Career / September 18, 2019
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As we know, LinkedIn is a must-have for anyone today in sales, marketing, or new business development. There are plenty of gurus out there along with crash-courses on how to best use LinkedIn for maximum exposure and potential business or professional opportunity.
Before you can attempt to converse with someone on the platform, you need to be connected to them- typically via a 1st connection. Thus, your time is well spent on increasing your amount of 1st connections. Quality is important, but don’t underestimate quantity.
But having 10,000 Connections on LinkedIn does (almost) no good if you are not able to actively engage in dialogue with the persons there that may directly or indirectly help your business. So how do you break the ice in an online platform with a virtual stranger?
Back when I ran all USA (outside) sales for a Canadian company, I was a literal LinkedIn troll. I needed to create my own network and opportunities, however possible and most efficient. I sent out a plethora of unsolicited Private Messages to persons I wanted to talk with, every day. I found that I had much better success in trying to do this kind of outreach on LinkedIn than via a “cold” email or a “cold call.” A better response rate, probably by a 2-1 or 3-1 margin. So, the first advice is “Just do it.”
Another way that works surprisingly well is to endorse people on their LinkedIn profile page. There are actually several 3rd party automated services that will go down your connections list and start Endorsing people systematically. I cannot confirm nor deny if I ever did this. But what I learned was that people like to be publicly endorsed for a skill or talent. And many of them will send along a quick PM back to you saying, “Thanks for endorsing me for Sales Strategy (etc).” From that point, you have an easy opportunity to engage in a 1 on 1 conversation with said person.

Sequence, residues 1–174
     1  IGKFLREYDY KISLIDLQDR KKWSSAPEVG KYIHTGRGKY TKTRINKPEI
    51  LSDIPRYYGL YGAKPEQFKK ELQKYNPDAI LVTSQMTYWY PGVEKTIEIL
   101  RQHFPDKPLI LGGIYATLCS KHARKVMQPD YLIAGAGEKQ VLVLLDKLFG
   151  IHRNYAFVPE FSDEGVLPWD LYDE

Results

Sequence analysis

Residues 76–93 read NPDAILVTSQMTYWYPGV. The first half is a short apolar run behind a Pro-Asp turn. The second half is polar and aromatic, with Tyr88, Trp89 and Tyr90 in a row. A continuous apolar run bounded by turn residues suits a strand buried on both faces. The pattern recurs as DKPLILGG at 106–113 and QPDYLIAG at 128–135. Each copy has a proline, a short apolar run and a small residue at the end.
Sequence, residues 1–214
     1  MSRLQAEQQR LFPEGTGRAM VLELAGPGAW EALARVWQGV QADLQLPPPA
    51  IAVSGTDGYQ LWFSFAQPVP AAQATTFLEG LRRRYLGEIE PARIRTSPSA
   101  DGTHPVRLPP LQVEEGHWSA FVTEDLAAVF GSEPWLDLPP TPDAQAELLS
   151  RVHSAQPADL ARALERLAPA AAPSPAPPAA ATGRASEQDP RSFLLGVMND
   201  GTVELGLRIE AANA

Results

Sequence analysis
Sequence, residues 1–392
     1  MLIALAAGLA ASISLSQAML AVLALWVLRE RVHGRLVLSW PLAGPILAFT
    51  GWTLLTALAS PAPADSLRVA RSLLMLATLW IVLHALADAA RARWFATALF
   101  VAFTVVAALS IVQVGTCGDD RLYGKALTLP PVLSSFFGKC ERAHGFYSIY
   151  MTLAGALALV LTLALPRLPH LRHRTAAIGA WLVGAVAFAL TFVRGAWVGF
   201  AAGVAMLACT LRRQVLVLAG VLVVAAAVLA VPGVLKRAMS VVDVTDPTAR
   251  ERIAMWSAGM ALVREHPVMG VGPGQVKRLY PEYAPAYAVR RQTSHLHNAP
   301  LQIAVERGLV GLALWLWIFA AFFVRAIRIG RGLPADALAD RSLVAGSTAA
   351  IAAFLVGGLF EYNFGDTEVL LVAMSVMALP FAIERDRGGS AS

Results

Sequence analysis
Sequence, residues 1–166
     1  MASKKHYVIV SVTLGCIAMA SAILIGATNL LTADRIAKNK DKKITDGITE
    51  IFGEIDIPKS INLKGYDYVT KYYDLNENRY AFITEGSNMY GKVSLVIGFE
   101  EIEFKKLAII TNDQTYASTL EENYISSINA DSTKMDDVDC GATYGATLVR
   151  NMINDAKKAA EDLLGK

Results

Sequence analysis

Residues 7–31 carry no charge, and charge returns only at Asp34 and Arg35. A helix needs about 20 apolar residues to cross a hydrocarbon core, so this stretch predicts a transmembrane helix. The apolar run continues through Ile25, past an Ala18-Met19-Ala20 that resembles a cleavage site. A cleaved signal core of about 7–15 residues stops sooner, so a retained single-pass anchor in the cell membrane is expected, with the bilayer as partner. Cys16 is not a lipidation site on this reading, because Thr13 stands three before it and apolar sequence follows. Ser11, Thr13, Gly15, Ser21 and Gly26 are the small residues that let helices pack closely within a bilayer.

On rare occasions, I received a private message from someone I endorsed (but didn’t know) that might look like “Thanks for the endorsement, but do I know you? Why did you endorse me for concrete design?” That could be a little dicey, but generally I just told them that their online experience looked impressive and that I thought they’d appreciate the endorsement. And that usually worked out just fine.
The other (cheesy?) way of a quick ice-breaker into a larger conversation is merely congratulating them (via the simple LinkedIn notification tools) of a work anniversary or a new job/position. Funny thing, people love being congratulated. Again, in the numbers game- doing this will equate to some pleasant responses which in turn make it easy to have a more significant dialogue.
LinkedIn is not the end-all, be-all for new business development but it is very helpful and a key element of sales in today’s environment across almost all industries. Use it as much or as little as you’d like- but it is often a strong option versus other more tedious marketing efforts.